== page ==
In June, singer-songwriter Frank Turner saw his album England Keep My Bones reach #12 in the UK Album Charts.
Since then, the punk-folk star has risen further, his ascent topped off by the announcement of a headline show at Wembley Arena in April 2012.
In 2008 (between second album Love Ire & Song and 2009's Poetry of the Deed), Turner released The First Three Years, a collection of material not included on his studio albums.
The compilation brought together early EPs, sessions and other collection contributions from Turner, plus a handful of previously unreleased material.
Today Frank Turner has released The Second Three Years, which gathers material from...well, the next stage of his career.
It manages to gather its tracklist from a broader number of sources, from single b-sides and artist tribute albums to a Live Lounge session and (naturally) material that hasn't been released anywhere else.
The worth of the collection largely depends on how much of Frank Turner's catalogue you already own.
Exclusing songs from singles, EPs or the Deluxe Edition of England Keep My Bones, the majority of what remains are covers, although done well.
Turner's punk roots shine through on these, with covers of the likes of NOFX and Bad Religion standing out on the collection.
A rough, emotional take on 'Build Me Up Buttercup' sits nicely alongside covers of Nirvana ('On A Plain') and album-closer 'Last Christmas' (taken from Turner's live show at Union Chapel).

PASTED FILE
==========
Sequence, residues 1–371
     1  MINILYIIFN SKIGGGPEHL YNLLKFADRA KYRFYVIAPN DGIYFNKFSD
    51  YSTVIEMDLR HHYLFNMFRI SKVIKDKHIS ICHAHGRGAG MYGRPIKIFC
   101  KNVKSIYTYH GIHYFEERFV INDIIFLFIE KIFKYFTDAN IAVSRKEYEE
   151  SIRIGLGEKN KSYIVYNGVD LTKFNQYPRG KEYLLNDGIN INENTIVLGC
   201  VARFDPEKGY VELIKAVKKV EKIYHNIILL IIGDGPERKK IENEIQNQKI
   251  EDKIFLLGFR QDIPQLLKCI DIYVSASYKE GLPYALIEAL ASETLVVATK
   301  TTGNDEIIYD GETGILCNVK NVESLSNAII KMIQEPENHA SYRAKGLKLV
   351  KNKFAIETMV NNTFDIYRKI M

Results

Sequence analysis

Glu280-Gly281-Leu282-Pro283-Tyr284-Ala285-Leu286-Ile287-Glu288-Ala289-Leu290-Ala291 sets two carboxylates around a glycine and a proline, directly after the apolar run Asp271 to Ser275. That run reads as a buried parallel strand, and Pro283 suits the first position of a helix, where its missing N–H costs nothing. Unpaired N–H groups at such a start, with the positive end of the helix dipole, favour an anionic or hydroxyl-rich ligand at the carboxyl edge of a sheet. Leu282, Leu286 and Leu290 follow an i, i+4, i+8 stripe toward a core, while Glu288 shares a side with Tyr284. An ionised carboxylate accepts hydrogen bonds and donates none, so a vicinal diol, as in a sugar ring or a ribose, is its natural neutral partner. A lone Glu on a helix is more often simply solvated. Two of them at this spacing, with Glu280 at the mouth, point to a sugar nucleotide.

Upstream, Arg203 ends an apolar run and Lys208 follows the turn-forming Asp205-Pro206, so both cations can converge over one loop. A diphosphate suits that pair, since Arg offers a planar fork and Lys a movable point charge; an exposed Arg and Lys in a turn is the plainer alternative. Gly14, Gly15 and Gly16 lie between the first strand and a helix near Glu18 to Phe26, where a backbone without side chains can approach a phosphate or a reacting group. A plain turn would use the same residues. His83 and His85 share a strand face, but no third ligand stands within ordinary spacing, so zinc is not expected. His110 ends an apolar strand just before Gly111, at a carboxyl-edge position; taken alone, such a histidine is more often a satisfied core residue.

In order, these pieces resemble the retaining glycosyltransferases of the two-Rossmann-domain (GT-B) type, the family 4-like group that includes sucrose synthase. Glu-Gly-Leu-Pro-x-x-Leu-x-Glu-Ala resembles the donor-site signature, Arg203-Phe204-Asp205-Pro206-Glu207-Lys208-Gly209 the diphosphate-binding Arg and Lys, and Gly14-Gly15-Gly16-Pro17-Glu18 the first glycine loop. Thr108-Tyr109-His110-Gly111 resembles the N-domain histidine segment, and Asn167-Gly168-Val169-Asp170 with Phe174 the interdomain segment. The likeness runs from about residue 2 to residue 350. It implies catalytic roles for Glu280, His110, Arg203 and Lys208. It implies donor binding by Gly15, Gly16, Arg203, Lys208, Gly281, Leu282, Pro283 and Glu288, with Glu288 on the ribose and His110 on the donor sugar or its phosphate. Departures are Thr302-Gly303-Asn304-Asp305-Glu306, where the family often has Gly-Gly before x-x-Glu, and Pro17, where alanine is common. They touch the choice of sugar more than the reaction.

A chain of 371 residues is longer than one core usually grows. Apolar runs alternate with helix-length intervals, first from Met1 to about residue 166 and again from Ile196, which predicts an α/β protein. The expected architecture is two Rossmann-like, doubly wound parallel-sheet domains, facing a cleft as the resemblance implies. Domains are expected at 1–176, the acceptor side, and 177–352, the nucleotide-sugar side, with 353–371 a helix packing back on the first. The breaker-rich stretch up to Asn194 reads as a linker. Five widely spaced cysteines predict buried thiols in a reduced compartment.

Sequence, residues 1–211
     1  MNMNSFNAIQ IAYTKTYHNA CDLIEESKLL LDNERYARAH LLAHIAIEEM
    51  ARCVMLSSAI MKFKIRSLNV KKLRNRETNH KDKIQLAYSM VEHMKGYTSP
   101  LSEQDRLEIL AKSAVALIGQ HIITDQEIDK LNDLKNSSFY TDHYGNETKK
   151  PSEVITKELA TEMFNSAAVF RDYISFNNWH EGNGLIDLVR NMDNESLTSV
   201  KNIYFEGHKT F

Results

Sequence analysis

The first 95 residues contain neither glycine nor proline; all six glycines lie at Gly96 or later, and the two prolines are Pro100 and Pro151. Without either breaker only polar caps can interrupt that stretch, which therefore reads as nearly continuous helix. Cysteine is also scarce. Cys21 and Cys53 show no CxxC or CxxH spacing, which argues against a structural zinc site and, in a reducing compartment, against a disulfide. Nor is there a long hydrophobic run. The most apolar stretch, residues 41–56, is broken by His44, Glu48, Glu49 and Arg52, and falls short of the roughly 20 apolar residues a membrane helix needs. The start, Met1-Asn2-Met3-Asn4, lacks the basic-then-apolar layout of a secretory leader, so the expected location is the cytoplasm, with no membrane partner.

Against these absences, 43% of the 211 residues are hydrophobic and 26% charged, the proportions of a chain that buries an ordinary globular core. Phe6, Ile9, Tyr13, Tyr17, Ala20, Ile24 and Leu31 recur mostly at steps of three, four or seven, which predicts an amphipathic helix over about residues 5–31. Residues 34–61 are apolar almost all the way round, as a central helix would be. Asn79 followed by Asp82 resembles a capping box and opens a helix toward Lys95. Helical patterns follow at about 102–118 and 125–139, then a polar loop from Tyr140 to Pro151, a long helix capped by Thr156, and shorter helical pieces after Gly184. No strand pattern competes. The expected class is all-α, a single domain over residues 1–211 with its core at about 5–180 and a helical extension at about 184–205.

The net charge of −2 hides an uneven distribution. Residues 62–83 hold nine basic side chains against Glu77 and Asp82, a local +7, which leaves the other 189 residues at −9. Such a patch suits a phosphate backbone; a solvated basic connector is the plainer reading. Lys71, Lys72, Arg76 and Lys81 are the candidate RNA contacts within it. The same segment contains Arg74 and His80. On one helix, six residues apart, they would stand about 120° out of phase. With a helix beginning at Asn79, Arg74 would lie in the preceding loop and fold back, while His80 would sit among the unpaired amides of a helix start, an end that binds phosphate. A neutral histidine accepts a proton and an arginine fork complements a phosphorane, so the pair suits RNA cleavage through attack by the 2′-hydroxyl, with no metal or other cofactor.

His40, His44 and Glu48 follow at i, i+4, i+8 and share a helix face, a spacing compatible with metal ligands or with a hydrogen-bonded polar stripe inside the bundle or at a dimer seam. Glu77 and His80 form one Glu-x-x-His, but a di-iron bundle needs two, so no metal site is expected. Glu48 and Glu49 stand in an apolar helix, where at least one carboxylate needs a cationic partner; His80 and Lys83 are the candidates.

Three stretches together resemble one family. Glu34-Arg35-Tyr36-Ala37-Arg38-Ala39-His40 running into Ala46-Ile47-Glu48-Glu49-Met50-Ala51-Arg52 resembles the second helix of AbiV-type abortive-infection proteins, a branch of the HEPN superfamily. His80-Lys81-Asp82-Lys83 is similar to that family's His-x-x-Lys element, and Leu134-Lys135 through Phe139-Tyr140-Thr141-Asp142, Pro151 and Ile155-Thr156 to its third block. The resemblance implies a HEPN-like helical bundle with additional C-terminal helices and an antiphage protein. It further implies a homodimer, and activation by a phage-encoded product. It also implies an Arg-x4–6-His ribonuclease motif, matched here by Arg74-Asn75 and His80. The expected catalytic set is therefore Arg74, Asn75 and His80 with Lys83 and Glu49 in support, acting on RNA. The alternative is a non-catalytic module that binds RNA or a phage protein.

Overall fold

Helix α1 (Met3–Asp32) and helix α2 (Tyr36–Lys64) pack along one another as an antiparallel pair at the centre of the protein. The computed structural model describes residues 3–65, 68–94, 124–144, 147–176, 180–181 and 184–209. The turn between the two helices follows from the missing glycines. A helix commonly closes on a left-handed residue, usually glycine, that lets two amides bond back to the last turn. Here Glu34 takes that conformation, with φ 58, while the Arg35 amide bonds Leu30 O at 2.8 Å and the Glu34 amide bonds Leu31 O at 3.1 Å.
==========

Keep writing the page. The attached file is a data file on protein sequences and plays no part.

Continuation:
Not one to embrace music snobbery, Turner provides an up-beat, fantastic cover of Take That's 'The Greatest Day', and strangely it's on songs like this that the progression of his sound is shown.
When The Sleeping Souls (Frank's backing band) first appeared on 2009's Poetry of the Deed, the sound was that of a traditional rock band.
England Keep My Bones saw the band take a step back, as they began to complement Turner and his sound a lot more, rather than dictate it.
On 'The Greatest Day', Frank keeps the spirit of the song whilst giving it his own folk twist, and the band back him brilliantly throughout.
Continuing the Englishness of his recent record, a beautiful cover of Flanders and Swann's 'The Slow Train' provides a poignant moment that recalls Turner's early, journeyman days travelling to shows by rail with just his guitar.
Whilst a hardcore side-project is on the horizon in 2012, The Second Three Years is a solid reflection on the recent stage of Frank Turner's career as he braces himself for bigger things.
Female First - Alistair McGeorge (Follow me on Twitter @AlistairMcG)